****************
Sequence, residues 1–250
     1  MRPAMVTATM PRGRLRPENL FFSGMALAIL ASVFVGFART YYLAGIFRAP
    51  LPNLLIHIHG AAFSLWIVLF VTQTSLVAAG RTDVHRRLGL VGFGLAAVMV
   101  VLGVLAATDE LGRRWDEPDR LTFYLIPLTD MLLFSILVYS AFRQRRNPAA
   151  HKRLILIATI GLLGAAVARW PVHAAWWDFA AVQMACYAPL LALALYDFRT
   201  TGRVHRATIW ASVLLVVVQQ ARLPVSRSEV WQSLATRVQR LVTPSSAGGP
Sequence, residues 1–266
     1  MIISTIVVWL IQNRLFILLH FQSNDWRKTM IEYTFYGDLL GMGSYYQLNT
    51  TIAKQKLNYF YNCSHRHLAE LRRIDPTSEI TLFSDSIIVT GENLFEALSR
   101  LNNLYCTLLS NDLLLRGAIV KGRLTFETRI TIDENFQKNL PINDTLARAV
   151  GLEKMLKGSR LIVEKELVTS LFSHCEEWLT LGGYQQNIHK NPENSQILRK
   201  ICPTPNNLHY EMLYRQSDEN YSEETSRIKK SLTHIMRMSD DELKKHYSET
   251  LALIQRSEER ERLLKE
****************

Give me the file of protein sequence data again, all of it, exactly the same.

Sequence, residues 1–250
     1  MRPAMVTATM PRGRLRPENL FFSGMALAIL ASVFVGFART YYLAGIFRAP
    51  LPNLLIHIHG AAFSLWIVLF VTQTSLVAAG RTDVHRRLGL VGFGLAAVMV
   101  VLGVLAATDE LGRRWDEPDR LTFYLIPLTD MLLFSILVYS AFRQRRNPAA
   151  HKRLILIATI GLLGAAVARW PVHAAWWDFA AVQMACYAPL LALALYDFRT
   201  TGRVHRATIW ASVLLVVVQQ ARLPVSRSEV WQSLATRVQR LVTPSSAGGP
Sequence, residues 1–266
     1  MIISTIVVWL IQNRLFILLH FQSNDWRKTM IEYTFYGDLL GMGSYYQLNT
    51  TIAKQKLNYF YNCSHRHLAE LRRIDPTSEI TLFSDSIIVT GENLFEALSR
   101  LNNLYCTLLS NDLLLRGAIV KGRLTFETRI TIDENFQKNL PINDTLARAV
   151  GLEKMLKGSR LIVEKELVTS LFSHCEEWLT LGGYQQNIHK NPENSQILRK
   201  ICPTPNNLHY EMLYRQSDEN YSEETSRIKK SLTHIMRMSD DELKKHYSET
   251  LALIQRSEER ERLLKE